Gie, ang okra, bow!
Okra, which is commonly referred to as "ladyâ€™s finger", is of West African origin. It was introduced to the United States via the African Slave Trade Route. Okra is a fibrous, green vegetable pod that contains many tiny white, edible seeds.
Okra has been referred to by other names including, okro, ochro, bamia, bamie, gombo, gumbo, quiabo and quingombo. It is available all year round and is a tropical plant growing particularly in warm climates.
Okra is a member of the Mallow family, which includes herbs, shrubs and certain trees including mallows, cotton, hibiscus and hollyhock. The leaves of the okra plant are heart shaped and edible, with large yellow flowers that bear resemblance to the hibiscus flower.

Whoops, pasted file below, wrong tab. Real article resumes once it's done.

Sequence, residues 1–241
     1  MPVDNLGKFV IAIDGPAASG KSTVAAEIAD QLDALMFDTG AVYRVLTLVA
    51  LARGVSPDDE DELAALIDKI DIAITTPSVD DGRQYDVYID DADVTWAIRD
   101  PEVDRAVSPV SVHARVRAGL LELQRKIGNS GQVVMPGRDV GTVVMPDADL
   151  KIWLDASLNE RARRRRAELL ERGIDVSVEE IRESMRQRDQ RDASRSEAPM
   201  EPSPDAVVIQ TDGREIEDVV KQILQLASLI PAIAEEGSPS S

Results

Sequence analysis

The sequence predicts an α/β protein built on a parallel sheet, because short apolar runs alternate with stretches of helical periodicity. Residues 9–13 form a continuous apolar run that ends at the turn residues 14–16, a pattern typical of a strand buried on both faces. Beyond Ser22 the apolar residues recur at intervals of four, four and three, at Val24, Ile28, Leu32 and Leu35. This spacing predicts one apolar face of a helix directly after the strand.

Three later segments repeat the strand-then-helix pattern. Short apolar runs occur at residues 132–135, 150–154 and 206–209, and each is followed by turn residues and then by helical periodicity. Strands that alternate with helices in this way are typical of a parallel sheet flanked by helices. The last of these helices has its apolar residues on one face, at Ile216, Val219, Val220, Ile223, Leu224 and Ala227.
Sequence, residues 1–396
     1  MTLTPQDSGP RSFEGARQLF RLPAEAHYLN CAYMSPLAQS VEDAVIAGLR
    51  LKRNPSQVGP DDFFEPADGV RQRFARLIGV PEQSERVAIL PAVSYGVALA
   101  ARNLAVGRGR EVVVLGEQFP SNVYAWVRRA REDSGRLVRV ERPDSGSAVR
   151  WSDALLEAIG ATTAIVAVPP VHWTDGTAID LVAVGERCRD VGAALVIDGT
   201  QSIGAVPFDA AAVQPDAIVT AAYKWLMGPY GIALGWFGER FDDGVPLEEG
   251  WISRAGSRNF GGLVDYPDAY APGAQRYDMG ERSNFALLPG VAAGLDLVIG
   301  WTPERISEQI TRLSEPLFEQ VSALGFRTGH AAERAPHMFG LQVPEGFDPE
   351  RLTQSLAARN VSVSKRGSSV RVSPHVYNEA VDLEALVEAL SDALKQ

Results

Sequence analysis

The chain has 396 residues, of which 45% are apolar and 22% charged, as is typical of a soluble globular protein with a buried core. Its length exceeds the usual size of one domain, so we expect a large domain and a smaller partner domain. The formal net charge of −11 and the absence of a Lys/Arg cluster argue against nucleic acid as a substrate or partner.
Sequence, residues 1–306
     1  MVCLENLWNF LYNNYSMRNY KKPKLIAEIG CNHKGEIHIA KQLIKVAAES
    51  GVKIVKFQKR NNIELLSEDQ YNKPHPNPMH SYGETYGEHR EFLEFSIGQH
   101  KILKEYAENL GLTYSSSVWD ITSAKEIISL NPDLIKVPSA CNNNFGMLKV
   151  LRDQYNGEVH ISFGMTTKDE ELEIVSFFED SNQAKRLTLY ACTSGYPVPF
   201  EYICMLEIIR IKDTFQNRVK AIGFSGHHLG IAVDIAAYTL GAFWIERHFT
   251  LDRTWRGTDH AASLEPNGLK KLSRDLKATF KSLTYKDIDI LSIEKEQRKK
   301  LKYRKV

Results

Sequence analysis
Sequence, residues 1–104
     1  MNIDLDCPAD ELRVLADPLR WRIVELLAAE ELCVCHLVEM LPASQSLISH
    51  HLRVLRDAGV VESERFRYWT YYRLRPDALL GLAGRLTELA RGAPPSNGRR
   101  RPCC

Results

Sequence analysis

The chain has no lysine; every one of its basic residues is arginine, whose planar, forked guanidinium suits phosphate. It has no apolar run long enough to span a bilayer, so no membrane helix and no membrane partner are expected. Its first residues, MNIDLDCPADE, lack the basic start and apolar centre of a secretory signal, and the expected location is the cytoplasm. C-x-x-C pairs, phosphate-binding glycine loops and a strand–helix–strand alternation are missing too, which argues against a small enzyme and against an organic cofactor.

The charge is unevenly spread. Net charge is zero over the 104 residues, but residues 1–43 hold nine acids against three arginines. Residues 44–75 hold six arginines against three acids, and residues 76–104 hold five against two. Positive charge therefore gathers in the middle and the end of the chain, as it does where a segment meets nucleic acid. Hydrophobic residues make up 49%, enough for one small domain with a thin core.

Okra is used in many dishes, specifically stews in countries such as Egypt, Greece, Iran, Turkey, Lebanon, Israel, Lebanon and Jordan.
When cut open, the green, velvety pods release a juice that is commonly used as a thickening agent to thicken stews. It can be added as a vegetable on its own or with others together with pieces of chicken and tomato sauce to form a delicious, hearty stew.
Okra can also be used in stir-fries and may be baked, grilled, boiled or steamed. It takes less than five minutes to cook.
One hundred grams of Okra contains about 33 calories, 2.0 grams of protein, 7.6 grams of carbohydrates, with 0.1 grams fat. It is a very good source of dietary fiber, vitamin A, vitamin C, vitamin K, thiamin, riboflavin, folate, calcium, magnesium, potassium and manganese, and a good source of niacin, iron, phosphorus, zinc and copper.